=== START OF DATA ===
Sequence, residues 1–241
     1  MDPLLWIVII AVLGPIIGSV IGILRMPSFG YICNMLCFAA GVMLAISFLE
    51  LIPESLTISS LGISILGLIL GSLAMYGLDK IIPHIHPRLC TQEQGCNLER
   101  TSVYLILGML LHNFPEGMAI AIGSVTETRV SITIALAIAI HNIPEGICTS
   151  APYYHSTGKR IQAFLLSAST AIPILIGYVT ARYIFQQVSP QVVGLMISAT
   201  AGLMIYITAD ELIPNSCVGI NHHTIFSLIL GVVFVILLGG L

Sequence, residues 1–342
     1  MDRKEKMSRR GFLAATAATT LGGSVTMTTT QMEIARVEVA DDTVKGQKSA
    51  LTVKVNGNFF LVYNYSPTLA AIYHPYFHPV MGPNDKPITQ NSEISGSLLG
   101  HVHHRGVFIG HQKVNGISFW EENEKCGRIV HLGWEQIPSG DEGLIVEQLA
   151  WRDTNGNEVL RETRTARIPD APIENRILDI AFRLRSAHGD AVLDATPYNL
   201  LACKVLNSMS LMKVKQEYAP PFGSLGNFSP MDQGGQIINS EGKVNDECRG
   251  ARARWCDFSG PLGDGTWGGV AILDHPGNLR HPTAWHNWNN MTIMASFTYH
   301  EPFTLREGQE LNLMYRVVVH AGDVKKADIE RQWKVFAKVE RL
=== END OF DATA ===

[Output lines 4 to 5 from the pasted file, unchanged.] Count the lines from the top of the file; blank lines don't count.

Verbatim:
   101  TSVYLILGML LHNFPEGMAI AIGSVTETRV SITIALAIAI HNIPEGICTS
   151  APYYHSTGKR IQAFLLSAST AIPILIGYVT ARYIFQQVSP QVVGLMISAT